In the east wall of the chancel is an aumbry and an Easter Sepulchre with ballflower ornamentation. The sepulchre contains traces of a wall-painting depicting Christ in Glory. The church has a west gallery. On the walls of the church are painted benefactors' boards and Royal coats of arms. The nave contains box pews. The font is large and round, and was constructed from the base of a former Roman column. Behind the font is a 13th-century iron-bound oak chest. The carved wooden pulpit has five sides. A wooden pedimented reredos hangs on north wall of the nave and is painted with the Lord's prayer, the Ten Commandments and the Creed.[which?] The stained glass in the chancel was designed in 1860 by E. Baillie and depicts the twelve apostles and biblical scenes. In the north side of the nave are windows depicting saints, made in 1920 by Morris & Co.
The largest memorial in the church is an alabaster tomb-chest carrying the effigies of Thomas Bromley, former Justice of the Queen's Bench, who died in 1555, and his wife. Other tomb-chests carrying effigies are those of Sir Richard Newport, who died in 1570, and his wife; and of John Berker and his wife, both of whom died in 1618. On the wall of the chancel is a marble memorial to Francis Newport, 1st Earl of Bradford, who died in 1708. This has been attributed to Grinling Gibbons.
The tower has a ring of six bells. The oldest is dated 1598 and was cast by Henry Oldfield II of Nottingham. Three of the bells were cast in the Clibery foundry in Wellington in the 17th century. The newest bell is by John Warner and Sons of London and is dated 1877. The two-manual organ is in the west gallery and was made by Brindley of Sheffield in 1861.
The sandstone churchyard gate piers were made in the 19th century re-using Roman masonry. The square bases came from farm buildings, the shafts of the columns from the Roman baths, and the capitals from an unknown source. They have a pair of cast iron gates, and are listed Grade II.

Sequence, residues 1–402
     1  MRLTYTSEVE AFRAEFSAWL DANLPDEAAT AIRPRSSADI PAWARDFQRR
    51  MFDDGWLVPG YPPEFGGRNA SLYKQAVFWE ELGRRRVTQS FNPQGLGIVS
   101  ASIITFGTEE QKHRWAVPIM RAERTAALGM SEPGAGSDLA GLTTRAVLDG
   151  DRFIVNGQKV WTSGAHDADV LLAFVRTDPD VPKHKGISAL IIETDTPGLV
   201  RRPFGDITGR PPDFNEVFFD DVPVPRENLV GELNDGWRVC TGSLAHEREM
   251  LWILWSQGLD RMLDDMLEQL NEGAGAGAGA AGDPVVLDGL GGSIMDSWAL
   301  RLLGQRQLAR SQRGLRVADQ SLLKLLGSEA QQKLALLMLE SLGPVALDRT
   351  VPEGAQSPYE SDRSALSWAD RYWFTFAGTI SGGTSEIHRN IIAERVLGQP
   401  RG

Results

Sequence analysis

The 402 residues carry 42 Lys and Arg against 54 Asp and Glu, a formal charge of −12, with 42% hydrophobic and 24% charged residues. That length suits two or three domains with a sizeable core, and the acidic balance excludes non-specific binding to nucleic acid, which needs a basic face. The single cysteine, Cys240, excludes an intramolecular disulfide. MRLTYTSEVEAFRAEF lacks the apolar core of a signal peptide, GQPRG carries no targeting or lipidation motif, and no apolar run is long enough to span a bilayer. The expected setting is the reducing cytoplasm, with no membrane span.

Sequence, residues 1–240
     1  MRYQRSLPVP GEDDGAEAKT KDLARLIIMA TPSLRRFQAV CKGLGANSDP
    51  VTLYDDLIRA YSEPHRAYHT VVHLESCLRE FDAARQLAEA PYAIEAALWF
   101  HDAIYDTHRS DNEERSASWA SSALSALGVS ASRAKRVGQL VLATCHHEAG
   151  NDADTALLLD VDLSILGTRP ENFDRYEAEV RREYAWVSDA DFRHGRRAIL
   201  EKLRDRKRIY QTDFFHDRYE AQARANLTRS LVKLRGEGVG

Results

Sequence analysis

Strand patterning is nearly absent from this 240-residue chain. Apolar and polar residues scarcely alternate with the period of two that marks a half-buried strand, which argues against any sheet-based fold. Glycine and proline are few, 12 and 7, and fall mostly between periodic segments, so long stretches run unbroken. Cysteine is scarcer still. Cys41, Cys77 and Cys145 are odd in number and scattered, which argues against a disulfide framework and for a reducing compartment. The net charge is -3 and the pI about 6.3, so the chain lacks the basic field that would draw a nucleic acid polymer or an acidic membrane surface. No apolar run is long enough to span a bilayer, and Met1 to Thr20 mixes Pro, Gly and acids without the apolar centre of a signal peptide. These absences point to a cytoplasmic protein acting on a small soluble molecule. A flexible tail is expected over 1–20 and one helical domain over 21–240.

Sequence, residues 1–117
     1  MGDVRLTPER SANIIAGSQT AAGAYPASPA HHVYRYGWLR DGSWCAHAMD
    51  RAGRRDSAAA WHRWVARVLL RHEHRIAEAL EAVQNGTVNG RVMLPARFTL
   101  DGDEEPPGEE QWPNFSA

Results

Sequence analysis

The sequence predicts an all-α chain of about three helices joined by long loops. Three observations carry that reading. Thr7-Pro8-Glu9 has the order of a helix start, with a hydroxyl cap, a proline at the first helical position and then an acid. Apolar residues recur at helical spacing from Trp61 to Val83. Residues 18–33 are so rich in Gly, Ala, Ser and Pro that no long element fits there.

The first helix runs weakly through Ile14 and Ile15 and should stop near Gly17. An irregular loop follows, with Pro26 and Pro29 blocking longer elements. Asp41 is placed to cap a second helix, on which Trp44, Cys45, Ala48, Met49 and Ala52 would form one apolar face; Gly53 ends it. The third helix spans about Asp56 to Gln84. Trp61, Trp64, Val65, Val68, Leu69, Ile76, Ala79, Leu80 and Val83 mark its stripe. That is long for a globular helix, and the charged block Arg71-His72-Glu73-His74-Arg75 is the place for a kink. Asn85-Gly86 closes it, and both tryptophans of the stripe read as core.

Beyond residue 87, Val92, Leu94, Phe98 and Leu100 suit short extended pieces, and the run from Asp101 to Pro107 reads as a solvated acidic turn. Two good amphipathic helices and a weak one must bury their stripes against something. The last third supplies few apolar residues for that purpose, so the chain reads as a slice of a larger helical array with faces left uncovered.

- Grade I listed buildings in Shropshire
- List of churches preserved by the Churches Conservation Trust in the English Midlands
- English Heritage, "Church of St Andrew, Wroxeter And Uppington (1224008)", National Heritage List for England, retrieved 14 April 2013
- St Andrew's Church, Wroxeter, Shropshire, Churches Conservation Trust, retrieved 29 March 2011
- Newman, John; Pevsner, Nikolaus (2006) , Shropshire, The Buildings of England (revised ed.), New Haven and London: Yale University Press, pp. 718–720, ISBN 0-300-12083-4
- White, Roger; Dalwood, Hal, Archaeological assessment of Wroxeter, Shropshire, York: Department of Archaeology, University of York
- White, Roger (2001), St Andrew's Church, Wroxeter: Information for teachers, London: Churches Conservation Trust
- Diocese of Lichfield: All Schemes (PDF), Church Commissioners/Statistics, Church of England, 2011, p. 7, retrieved 7 April 2011
- Wroxeter, St Andrew, Shropshire Association Towers, retrieved 27 September 2010
- Shropshire, Wroxeter, St. Andrew (N04723), British Institute of Organ Studies, retrieved 27 September 2010
- English Heritage, "Churchyard and gates, gate piers and approximately 3 metres of flanking walls approximately 10 metres to west of west tower of Church of St Andrew (1224775)", National Heritage List for England, retrieved 1 October 2013